Earlier this week I installed a water filter under the kitchen sink at home. I have a lead service line connecting the house to the public water main, and that’s all too common in Michigan. We still have just over 400,000 lead service lines in use across the state. It was surprisingly easy in part because the plumbing inside the house had been recently updated. I installed the same filter at a friend’s house a couple weeks ago, and the older plumbing just meant a trip to the hardware store and some more knowledgeable help getting an adapter to join the old plumbing to the new plumbing fittings on the filter.
The bottom line is it’s relatively easy to protect your family from risks in the water including lead. I’m only moderately handy at DIY stuff, and I got it done.
If you’re interested in installing a filter be sure to check the ratings of the filter to ensure it removes lead and other contaminants and does more than just prevent microbial contamination and odor/taste issues. Look for at least NFS 53 if your primary concern is lead or other metals and some organic pollution. Consider NSF 401 ratings, which also covers a number of other possible threats. A lot of filters pass both.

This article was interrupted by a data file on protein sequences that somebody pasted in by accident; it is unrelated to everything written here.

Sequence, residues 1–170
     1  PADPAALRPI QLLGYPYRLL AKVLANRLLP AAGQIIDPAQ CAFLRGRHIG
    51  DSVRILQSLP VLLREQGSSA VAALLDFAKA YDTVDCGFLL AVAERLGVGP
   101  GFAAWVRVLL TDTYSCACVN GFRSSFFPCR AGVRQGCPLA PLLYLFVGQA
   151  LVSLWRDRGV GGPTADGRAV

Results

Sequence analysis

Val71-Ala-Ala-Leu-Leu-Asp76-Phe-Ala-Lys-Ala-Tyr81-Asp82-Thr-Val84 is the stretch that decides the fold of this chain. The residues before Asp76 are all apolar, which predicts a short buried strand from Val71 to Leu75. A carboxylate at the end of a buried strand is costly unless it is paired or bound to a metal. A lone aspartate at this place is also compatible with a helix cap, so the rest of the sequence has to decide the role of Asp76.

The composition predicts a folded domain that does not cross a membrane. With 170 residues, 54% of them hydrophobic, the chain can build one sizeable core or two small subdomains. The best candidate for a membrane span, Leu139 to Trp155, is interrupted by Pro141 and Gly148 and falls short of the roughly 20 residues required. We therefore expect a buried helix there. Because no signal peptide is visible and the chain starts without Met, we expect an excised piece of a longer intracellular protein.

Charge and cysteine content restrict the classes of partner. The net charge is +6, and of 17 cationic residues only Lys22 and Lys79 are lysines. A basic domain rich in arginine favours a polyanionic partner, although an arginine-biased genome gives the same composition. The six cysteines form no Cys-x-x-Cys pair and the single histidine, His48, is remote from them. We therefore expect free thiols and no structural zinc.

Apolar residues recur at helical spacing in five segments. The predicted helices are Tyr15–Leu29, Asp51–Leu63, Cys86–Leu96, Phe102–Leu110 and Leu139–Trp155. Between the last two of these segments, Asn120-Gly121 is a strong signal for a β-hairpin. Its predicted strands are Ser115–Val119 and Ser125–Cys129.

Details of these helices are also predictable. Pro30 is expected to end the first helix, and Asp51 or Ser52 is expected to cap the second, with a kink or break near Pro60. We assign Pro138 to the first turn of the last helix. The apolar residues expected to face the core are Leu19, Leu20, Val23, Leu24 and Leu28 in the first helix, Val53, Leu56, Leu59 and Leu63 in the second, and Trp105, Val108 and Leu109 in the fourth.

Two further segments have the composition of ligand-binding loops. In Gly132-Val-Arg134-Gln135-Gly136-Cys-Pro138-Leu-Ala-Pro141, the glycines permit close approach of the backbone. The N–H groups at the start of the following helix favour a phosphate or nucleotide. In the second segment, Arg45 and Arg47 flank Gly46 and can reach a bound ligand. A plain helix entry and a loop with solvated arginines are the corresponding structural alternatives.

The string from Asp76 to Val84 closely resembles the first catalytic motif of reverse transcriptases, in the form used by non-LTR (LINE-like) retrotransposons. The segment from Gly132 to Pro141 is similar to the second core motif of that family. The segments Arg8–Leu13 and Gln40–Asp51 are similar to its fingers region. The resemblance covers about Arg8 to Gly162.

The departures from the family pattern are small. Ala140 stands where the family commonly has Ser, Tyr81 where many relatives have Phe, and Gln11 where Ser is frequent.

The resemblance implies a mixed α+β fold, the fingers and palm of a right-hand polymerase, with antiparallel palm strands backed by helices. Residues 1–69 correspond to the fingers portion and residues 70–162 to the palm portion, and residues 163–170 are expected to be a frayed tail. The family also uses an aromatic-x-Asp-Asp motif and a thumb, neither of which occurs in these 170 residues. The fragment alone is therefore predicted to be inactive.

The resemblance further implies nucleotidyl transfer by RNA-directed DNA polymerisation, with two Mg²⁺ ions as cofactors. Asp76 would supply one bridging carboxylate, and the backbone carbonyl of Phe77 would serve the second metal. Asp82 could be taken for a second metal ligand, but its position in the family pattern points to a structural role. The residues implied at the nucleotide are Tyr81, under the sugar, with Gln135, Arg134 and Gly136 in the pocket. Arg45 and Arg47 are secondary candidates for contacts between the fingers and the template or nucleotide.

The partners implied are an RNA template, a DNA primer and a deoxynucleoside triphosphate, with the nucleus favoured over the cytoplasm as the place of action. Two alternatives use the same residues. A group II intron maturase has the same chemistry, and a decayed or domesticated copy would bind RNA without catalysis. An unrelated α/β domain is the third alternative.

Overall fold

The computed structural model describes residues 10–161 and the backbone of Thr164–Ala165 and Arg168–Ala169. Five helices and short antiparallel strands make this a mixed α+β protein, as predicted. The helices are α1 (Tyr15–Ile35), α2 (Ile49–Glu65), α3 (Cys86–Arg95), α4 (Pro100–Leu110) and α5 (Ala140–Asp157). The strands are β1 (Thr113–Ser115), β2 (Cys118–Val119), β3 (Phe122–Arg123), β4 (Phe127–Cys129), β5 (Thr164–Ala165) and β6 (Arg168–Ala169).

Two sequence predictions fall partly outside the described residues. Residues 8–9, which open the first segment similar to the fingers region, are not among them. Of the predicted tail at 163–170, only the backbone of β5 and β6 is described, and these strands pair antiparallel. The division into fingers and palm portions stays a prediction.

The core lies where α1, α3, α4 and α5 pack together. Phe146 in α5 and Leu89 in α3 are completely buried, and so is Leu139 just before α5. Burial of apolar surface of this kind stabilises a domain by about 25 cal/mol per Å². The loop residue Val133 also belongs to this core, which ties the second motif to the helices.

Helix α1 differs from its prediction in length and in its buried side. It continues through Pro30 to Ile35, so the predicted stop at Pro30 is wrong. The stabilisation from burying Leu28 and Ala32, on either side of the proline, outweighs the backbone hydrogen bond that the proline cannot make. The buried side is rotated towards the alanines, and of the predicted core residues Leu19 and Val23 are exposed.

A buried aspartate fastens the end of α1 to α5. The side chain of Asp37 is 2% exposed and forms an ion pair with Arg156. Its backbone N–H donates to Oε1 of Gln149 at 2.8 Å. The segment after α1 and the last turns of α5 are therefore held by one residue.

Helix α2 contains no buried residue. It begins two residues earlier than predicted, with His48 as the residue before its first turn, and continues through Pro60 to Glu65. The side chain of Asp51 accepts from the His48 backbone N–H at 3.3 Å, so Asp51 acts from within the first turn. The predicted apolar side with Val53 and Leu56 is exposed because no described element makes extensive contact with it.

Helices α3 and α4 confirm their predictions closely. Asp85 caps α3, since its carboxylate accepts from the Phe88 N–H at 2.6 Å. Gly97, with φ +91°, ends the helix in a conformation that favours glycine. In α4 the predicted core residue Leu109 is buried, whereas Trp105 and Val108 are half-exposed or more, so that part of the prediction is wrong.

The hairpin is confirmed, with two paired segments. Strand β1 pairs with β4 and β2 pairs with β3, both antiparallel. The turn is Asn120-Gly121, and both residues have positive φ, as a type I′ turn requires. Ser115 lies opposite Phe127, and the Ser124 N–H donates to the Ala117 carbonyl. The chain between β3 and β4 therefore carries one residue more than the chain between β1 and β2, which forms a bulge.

Recognize that this is only a stop-gap measure. We need to protect our drinking water from contamination in the first place, which is one of the reasons Environment Michigan is working hard to Get The Lead Out, increase standards on the PFAS family of chemicals, and address a number of other threats to the water our families and our environment uses. Water is essential for life, and it’s absurd that the Great Lakes State is struggling to ensure safe water for all.